The Rufous-tailed Lark (Ammomanes phoenicura) is also called the Rufous-tailed Finch-Lark and is a bird of stony habitats.
It has a dark brown upper plumage, the wings are brown with margins of a lighter brown. The tail and the entire lower plumage is a deep rufous with the chin, throat and breast streaked with brown. The tail has a a broad black bar across the end.
The sides of the head has mixed rufous and brown with a pale rufous streak over the eye. Subspecies and individuals may appear brighter or duller. Bill is thick brown and slightly curved. The sexes are identical.
It is usually found in open plains and ploughed fields but can also be seen perched on wires. It may be seen singly in breeding season, but in groups otherwise. It normally keeps to the ground, where it feeds on seeds and insects. They walk along the ground and make quick dashes to capture insects.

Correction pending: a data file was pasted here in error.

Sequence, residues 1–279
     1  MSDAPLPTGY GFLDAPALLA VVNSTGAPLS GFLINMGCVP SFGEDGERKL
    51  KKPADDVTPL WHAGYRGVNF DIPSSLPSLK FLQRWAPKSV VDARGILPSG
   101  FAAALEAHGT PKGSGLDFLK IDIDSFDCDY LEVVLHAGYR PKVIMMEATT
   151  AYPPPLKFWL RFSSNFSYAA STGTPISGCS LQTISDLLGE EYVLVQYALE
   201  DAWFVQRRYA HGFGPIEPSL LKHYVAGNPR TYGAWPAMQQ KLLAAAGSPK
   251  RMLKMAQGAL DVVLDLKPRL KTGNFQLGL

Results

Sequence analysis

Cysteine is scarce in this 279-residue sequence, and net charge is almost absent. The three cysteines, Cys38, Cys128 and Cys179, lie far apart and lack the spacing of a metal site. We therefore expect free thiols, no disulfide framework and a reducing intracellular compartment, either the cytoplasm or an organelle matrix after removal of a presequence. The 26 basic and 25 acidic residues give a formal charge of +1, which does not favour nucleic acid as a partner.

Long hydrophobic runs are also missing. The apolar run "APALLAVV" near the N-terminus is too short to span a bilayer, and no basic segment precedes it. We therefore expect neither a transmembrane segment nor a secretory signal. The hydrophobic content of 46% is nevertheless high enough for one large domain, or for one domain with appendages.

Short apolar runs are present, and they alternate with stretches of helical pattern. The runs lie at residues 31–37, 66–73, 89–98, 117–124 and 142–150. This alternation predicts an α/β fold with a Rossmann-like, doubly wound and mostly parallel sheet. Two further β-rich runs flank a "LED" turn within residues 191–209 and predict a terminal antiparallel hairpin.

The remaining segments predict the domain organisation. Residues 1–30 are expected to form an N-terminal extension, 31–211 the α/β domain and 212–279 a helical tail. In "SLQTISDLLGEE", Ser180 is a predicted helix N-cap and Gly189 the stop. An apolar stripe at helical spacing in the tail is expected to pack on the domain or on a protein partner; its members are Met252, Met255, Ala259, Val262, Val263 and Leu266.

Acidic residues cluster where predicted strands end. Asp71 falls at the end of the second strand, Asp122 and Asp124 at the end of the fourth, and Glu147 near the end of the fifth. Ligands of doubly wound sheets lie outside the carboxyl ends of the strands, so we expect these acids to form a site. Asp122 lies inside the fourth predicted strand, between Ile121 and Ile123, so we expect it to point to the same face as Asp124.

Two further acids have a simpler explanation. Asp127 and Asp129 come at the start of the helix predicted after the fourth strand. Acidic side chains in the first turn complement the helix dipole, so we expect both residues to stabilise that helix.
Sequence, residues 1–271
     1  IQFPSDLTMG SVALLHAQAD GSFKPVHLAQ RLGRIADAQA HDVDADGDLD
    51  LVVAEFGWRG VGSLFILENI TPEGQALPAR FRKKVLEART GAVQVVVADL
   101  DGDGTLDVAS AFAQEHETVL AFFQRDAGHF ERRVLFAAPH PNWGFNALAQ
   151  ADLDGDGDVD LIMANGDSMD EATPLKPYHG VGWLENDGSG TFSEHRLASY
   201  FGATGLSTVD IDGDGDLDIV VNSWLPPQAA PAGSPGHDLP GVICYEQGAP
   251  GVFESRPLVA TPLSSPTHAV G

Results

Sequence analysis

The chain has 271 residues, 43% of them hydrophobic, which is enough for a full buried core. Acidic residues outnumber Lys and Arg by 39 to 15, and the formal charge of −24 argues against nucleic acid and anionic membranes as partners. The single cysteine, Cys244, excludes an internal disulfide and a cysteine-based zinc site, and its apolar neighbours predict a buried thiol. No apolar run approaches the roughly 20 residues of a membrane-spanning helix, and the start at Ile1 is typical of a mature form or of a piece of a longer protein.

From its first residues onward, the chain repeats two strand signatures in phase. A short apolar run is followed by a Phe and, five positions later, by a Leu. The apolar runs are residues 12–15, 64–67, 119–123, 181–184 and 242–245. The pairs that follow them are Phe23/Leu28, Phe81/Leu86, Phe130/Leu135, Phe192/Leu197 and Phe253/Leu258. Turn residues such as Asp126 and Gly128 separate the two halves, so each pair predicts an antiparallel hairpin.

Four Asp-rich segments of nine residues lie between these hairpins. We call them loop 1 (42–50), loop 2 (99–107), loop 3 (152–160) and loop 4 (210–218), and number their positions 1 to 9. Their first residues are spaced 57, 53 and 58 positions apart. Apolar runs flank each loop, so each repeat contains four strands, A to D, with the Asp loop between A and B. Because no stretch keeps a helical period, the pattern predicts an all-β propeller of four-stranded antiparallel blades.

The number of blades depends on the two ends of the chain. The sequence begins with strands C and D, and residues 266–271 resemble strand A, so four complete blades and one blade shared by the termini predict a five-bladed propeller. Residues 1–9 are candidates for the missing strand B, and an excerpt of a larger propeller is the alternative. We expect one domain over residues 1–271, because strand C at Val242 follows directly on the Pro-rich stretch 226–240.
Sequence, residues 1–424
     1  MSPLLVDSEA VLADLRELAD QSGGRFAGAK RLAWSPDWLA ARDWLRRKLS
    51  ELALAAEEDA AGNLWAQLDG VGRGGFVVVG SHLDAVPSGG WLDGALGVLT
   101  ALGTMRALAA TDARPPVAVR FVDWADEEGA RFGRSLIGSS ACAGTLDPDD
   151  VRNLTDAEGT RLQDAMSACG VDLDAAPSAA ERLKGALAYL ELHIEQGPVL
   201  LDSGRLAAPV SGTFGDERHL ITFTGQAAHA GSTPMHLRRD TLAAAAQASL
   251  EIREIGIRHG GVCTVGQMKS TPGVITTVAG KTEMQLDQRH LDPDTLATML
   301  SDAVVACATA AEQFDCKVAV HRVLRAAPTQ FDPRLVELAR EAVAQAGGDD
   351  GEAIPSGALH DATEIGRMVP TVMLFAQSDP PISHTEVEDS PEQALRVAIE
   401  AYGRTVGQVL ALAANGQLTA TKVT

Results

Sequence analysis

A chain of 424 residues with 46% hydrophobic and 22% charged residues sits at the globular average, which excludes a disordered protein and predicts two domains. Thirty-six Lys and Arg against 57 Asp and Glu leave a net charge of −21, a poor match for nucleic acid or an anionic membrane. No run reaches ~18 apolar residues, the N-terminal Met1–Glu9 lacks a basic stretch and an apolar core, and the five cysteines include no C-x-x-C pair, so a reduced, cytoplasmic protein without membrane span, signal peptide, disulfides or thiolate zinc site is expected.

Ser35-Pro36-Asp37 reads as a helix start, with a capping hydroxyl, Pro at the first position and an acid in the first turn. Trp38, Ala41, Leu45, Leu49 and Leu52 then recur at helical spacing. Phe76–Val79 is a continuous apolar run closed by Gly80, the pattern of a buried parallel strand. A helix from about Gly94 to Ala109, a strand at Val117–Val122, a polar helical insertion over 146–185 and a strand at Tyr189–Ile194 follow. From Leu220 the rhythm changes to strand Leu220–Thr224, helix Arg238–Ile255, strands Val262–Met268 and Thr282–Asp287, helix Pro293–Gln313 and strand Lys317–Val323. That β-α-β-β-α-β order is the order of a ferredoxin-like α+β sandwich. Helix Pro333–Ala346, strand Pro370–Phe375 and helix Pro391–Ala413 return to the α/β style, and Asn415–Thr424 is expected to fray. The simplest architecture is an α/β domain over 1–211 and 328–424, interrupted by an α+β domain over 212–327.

It is known to crouch and stay still when disturbed and will only fly when approached very close. The call is a series of small tweeps:
The breeding season lasts from February to April. The nest is a slight depression on the ground, made in open fields or plains, made by scratching or in a natural cavity. This is usually sheltered by a tuft of foliage or stone or mud. three-four eggs are laid.
|Date:||18th Sept 2011|
|Time:||Morning; 9:50 AM|
|Other Details:||Seen singly, sitting on a rocky area, quite unmoved by a rather large group of birdwatchers.|